Association of human height-related genetic variants with familial short stature in Han Chinese in Taiwan

Ying Ju Lin, Wen Ling Liao, Chung Hsing Wang, Li Ping Tsai, Chih Hsin Tang, Chien Hsiun Chen, Jer Yuarn Wu, Wen Miin Liang, Ai Ru Hsieh, Chi Fung Cheng, Jin Hua Chen, Wen Kuei Chien, Ting Hsu Lin, Chia Ming Wu, Chiu Chu Liao, Shao Mei Huang, Fuu Jen Tsai

Research output: Contribution to journalArticlepeer-review

18 Citations (Scopus)


Human height can be described as a classical and inherited trait model. Genome-wide association studies (GWAS) have revealed susceptible loci and provided insights into the polygenic nature of human height. Familial short stature (FSS) represents a suitable trait for investigating short stature genetics because disease associations with short stature have been ruled out in this case. In addition, FSS is caused only by genetically inherited factors. In this study, we explored the correlations of FSS risk with the genetic loci associated with human height in previous GWAS, alone and cumulatively. We systematically evaluated 34 known human height single nucleotide polymorphisms (SNPs) in relation to FSS in the additive model (p < 0.00005). A cumulative effect was observed: the odds ratios gradually increased with increasing genetic risk score quartiles (p < 0.001; Cochran-Armitage trend test). Six affected genes - ZBTB38, ZNF638, LCORL, CABLES1, CDK10, and TSEN15 - are located in the nucleus and have been implicated in embryonic, organismal, and tissue development. In conclusion, our study suggests that 13 human height GWAS-identified SNPs are associated with FSS risk both alone and cumulatively.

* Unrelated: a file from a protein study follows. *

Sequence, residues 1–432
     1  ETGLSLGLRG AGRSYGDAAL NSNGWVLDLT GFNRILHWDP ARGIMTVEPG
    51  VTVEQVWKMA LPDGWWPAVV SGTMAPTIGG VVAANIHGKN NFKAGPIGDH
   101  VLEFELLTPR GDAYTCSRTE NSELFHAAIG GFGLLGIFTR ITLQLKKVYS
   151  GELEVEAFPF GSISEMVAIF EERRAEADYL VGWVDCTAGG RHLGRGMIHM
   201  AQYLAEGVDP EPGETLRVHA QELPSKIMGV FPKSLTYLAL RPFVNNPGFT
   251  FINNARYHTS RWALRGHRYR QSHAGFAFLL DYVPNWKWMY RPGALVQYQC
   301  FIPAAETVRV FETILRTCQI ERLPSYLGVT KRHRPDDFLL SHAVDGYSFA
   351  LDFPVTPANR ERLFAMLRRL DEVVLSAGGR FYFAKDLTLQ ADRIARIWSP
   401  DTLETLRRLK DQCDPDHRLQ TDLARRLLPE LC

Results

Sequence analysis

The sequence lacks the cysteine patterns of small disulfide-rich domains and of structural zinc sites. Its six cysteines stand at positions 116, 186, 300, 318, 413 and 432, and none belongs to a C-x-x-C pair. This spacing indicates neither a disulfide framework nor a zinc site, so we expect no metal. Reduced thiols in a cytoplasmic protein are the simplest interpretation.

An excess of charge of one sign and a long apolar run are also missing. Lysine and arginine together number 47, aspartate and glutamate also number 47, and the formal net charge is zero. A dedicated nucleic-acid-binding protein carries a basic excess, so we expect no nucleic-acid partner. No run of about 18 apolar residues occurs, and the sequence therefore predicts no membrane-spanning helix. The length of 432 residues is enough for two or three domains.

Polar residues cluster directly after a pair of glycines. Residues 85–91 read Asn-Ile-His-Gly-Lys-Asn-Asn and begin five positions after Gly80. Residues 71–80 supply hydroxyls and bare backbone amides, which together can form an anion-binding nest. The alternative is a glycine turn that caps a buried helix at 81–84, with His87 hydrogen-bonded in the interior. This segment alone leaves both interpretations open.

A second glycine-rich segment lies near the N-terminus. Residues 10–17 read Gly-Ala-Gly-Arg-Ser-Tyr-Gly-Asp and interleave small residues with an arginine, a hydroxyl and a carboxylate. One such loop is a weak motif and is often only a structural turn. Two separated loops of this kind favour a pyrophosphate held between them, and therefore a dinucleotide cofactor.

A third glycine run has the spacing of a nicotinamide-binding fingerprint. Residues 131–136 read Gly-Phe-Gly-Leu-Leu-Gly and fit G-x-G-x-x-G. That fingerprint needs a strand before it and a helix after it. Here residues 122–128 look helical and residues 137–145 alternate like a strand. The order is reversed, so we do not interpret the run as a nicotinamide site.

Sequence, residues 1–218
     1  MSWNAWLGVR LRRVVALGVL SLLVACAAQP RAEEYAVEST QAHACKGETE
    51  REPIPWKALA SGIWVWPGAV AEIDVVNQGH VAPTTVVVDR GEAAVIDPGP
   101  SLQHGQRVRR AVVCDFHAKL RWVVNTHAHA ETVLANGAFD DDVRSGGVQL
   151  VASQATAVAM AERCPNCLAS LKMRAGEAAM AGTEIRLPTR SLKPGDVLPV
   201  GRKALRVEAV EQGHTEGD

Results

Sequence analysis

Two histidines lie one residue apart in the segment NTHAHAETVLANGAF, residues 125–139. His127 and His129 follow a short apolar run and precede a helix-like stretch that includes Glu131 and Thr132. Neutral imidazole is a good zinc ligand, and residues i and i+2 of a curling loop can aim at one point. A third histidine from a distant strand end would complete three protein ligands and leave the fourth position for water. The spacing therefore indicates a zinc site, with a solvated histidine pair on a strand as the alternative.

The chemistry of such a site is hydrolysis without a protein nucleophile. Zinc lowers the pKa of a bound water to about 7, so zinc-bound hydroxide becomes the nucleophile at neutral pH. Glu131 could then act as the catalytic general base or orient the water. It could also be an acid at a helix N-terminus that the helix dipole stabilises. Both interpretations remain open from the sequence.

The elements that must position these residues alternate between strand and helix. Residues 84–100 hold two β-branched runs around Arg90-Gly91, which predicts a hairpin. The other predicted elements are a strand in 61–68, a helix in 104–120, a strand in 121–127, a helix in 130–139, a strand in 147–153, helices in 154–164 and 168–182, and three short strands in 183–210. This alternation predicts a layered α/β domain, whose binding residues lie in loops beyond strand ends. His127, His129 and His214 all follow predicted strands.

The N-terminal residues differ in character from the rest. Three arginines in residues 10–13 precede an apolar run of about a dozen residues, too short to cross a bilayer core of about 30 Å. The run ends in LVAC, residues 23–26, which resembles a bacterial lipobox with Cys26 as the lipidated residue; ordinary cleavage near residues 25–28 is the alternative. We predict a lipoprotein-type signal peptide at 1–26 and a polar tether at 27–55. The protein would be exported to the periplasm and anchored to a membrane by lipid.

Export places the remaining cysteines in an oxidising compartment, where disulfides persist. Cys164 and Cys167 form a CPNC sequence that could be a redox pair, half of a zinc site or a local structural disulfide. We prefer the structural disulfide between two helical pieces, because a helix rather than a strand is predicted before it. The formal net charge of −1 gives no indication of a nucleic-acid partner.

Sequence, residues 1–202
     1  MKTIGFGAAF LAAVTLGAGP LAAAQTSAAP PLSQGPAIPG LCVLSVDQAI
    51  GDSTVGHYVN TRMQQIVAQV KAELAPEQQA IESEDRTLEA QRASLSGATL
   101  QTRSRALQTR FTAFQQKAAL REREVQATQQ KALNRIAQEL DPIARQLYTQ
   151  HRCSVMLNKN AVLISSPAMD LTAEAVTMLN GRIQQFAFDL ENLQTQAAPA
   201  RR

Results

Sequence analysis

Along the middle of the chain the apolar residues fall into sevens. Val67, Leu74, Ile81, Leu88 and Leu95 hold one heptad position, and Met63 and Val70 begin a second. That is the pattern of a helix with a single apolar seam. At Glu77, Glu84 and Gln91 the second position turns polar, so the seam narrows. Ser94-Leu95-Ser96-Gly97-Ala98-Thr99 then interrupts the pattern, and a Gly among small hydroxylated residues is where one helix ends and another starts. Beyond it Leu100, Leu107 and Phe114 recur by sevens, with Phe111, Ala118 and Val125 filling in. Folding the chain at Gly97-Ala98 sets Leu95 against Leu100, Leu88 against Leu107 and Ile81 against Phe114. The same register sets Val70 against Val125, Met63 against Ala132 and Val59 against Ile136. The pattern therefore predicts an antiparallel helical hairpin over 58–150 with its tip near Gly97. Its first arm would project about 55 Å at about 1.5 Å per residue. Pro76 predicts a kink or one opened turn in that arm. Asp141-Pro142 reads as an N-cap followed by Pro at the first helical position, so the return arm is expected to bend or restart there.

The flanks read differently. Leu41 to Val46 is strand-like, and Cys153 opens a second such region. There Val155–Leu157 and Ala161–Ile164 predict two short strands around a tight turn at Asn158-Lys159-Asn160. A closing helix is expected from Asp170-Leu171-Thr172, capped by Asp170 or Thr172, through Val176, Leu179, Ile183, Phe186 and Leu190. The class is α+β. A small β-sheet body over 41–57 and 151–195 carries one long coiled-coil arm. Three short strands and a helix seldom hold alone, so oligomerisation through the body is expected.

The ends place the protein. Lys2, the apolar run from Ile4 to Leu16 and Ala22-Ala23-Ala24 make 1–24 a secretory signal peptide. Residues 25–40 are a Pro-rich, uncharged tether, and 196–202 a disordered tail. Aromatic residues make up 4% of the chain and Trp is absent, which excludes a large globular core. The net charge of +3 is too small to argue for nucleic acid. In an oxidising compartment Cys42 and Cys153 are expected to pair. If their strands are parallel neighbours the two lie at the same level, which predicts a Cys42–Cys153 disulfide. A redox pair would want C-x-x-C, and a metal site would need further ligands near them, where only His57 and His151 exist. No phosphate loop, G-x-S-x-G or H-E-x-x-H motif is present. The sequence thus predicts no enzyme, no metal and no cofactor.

Original languageEnglish
Article number6372
JournalScientific Reports
Issue number1
Publication statusPublished - Dec 1 2017

ASJC Scopus subject areas

  • General


Dive into the research topics of 'Association of human height-related genetic variants with familial short stature in Han Chinese in Taiwan'. Together they form a unique fingerprint.

Cite this